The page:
Year's Best SF, 23rd by Dozois, Gardner, ed., 2005


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I have always loved short fiction, especially short science fiction. There was even one year when I read nothing but old anthologies and new magazines, and read not one single novel (1996-1997, my first year of law school, when I could only make short commitments to pastimes). As time has gone by, however, I have noticed that short fiction no longer interests me as much as it did before. This year is no exception, and I am unmoved by Garnder Dozois' newest Year's Best volume, the 23rd annual collection.

Maybe its me, maybe its the quality of the stories that are being produced these days. But for some reason, I long for the quality of years gone by. Save the one recent bright spot of Sergent Chip in 2005, I can't remember the last time I read anything that kept me as interested as Martin's Sand Kings, or Niven's Inconstant Moon, Goldstein's Passengers or Silverberg's Tourists. I can't think of any one short story in the last decade that has made me laugh as much as Steele's The Death of Captain Future. Not even Haldeman has shown as brightly as years past, for example as he did in 1997 with For White Hill. And sadly, not even Robert Reed's most recent generational starship story can capture, much less keep my interest.

So it was with a heavy heart and a trembling hand that I picked up this book. I got not so far into it when I realized that not much has changed since 2006. There are, of course, some interesting stories in this book. Ian McDonald's The Little Princess and Alastair Reynolds Beyond the Aquila Rift were pretty good. McDonald's was a very interesting character study of a young woman who was revered as a Goddess in Nepal, then was cast out into a transformed India to find her own way, then found her own way back to Goddess-hood with the help of some illegal AI. Alastair Reynolds' story is a really interesting twist on the last/lost man in the universe story that involves a vast artifact left by a dead civilization (a particular spin I am getting VERY tired of reading about, by the way). But after that, things just go downhill. I couldn't even make myself read the Turtledove story. I have started a Stephen Baxter story, and I have high hopes. Perhaps most disturbing bit of this book is relatively new author Paolo Bacigalupi's most recent story, The Calorie Man. It could not have been more boring. Especially shocking was the fact that it won a Sturgeon Award, and was, in my opinion, quite a poor follow up to his very strong first short story, The People of Sand and Slag.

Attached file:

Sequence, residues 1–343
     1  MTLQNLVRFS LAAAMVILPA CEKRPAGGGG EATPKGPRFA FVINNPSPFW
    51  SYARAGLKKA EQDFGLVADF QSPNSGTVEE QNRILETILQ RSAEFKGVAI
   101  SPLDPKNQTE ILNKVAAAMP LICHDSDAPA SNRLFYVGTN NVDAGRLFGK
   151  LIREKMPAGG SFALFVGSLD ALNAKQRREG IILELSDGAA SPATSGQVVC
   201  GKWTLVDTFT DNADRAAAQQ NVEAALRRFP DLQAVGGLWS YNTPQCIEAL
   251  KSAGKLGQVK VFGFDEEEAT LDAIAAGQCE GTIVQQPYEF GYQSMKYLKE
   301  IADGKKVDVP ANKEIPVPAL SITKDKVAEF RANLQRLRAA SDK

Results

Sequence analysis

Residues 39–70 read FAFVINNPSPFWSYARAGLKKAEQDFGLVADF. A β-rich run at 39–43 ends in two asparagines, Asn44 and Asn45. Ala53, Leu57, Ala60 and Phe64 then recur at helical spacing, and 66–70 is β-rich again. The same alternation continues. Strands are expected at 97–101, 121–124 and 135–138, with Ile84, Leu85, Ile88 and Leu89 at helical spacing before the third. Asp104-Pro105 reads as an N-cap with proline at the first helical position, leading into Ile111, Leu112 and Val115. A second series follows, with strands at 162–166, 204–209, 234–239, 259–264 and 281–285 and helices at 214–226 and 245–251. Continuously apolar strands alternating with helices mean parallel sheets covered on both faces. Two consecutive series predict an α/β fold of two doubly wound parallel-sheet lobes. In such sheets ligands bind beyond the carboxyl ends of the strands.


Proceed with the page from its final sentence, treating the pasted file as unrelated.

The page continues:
Anyway, I guess its just me. I will probably keep trying again though, next year and the next and then the next again. This year just doesn't do it for me though. I give it a 2 out of 5, just because a few stories didn't suck.

Copyright 2007, Gregory Tidwell

Reviewed by GTT · Rating Rating of 2 star(s)


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